Jack Joseph Valenti (September 5, 1921 – April 26, 2007) was a longtime president of the Motion Picture Association of America. During his 38-year tenure in the MPAA, he created the MPAA film rating system, and he was generally regarded as one of the most influential pro-copyright lobbyists in the world.Motion Picture Association
The Motion Picture Association (MPA) is the international counterpart of the Motion Picture Association of America.Motion Picture Association of America film rating system
The Motion Picture Association of America (MPAA) film rating system is used in the United States and its territories to rate a film's suitability for certain audiences based on its content. The MPAA rating system is a voluntary scheme that is not enforced by law; films can be exhibited without a rating, although certain theaters refuse to exhibit non-rated or NC-17 rated films. Non-members of MPAA may also submit films for rating. Other media, such as television programs, music and video games, are rated by other entities such as the TV Parental Guidelines, the RIAA and the ESRB.
The MPAA rating system is one of various motion picture rating systems that are used to help parents decide what films are appropriate for their children. It is administered by the Classification & Ratings Administration (CARA), an independent division of the MPAA.Production Code Administration
The Production Code Administration (PCA) was established by the Motion Picture Producers and Distributors of America (MPPDA) in 1934 to enforce the Motion Picture Production Code. The PCA required all filmmakers to submit their films for approval before release.Putlocker
Putlocker refers to an online index of hosted files and various websites used for streaming entertainment media, such as films and television series. The initial website originated in the United Kingdom as early as 2011, and grew to receive millions of daily visitors after the shutdown of Megaupload. In May 2016, the website was blocked in the UK by a High Court order, and at its peak prior to a temporary closure in late 2016, Alexa Internet listed Putlocker as ranking among the top 250 most-visited websites worldwide. Putlocker has been reported by the Motion Picture Association of America as a major piracy threat.Putlocker's domain address has changed multiple times throughout its history, with the most recent domain seizure being that of the URL putlockers.ch, which was suspended and transferred to the ownership of EuroDNS, by order of a Luxembourg court. It is not publicly known whether an official Putlocker website maintained by the original team remains available online, but at least fifty mirror or proxy websites, many of which use the Putlocker name, have been identified.Sony Pictures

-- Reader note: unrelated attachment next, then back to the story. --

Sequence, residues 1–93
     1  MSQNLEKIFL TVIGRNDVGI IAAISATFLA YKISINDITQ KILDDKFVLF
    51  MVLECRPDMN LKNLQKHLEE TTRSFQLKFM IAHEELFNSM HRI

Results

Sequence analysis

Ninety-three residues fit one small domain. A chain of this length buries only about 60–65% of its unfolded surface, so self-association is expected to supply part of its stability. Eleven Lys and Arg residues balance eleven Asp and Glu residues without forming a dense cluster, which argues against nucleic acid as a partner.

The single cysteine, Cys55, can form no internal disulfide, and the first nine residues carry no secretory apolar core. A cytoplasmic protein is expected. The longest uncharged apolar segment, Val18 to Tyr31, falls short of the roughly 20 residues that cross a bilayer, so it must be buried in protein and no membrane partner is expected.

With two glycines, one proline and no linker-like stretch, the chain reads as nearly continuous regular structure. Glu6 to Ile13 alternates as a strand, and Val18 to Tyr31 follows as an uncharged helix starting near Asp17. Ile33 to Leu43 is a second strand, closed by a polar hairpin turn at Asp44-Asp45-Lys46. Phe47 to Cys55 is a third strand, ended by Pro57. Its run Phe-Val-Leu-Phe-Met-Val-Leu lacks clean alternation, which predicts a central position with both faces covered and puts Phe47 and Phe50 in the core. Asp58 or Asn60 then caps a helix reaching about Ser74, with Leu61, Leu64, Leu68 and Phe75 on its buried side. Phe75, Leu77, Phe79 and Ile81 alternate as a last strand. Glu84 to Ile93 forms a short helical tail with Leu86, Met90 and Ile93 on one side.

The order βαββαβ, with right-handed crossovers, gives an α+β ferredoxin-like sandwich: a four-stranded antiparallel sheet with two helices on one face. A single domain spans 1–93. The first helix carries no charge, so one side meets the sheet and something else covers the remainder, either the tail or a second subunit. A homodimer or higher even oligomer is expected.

Sony Pictures Entertainment Inc. (known simply as Sony Pictures and abbreviated as SPE) is an American entertainment company that produces, acquires and distributes filmed entertainment (theatrical motion pictures, television programs, and recorded videos) through multiple platforms. Through an intermediate holding company called Sony Film Holding Inc., it is operated as a subsidiary of Sony Entertainment Inc., which is itself a subsidiary of Sony Corporation of America, a wholly owned subsidiary and the US headquarters of the Tokyo-based multinational technology and media conglomerate Sony Corporation. Based in Culver City, California, it encompasses Sony's motion picture, television production and distribution units. Its group sales in the fiscal year 2017 (April 2017 – March 2018) has been reported to be $9.133 billion.SPE is a member of the Big Five and the Motion Picture Association of America (MPAA).Sony Pictures' film franchises include The Karate Kid, Ghostbusters, Spider-Man, Jumanji, Stuart Little, Men in Black, Underworld, Robert Langdon, The Smurfs (via Peyo), Sniper, Hotel Transylvania, and many more.TV parental guidelines (US)
The TV parental guidelines are a television content rating system in the United States that was first proposed on December 19, 1996, by the United States Congress, the television industry and the Federal Communications Commission (FCC), and went into effect by January 1, 1997, on most major broadcast and cable networks in response to public concerns about increasingly explicit sexual content, graphic violence and strong profanity in television programs. It was established as a voluntary-participation system, with ratings to be determined by the individually participating broadcast and cable networks.
The ratings are generally applied to most television series, television films and edited broadcast or basic cable versions of theatrically released films; premium channels also assign ratings from the TV parental guidelines on broadcasts of some films that have been released theatrically or on home video, either if the Motion Picture Association of America did not assign a rating for the film or if the channel airs the unrated version of the film.
The ratings were designed to be used with the V-chip, which was mandated to be built into all television sets manufactured since 2000 (and the vast majority of cable/satellite set-top boxes), but the guidelines themselves have no legal force, and are not used on sports or news programs or during commercial advertisements. Many online television services, such as Hulu, Amazon Video and Netflix also use the guidelines system, along with digital video vendors such as the iTunes Store and Google Play and digital media players including Apple TV and Roku.TorrentSpy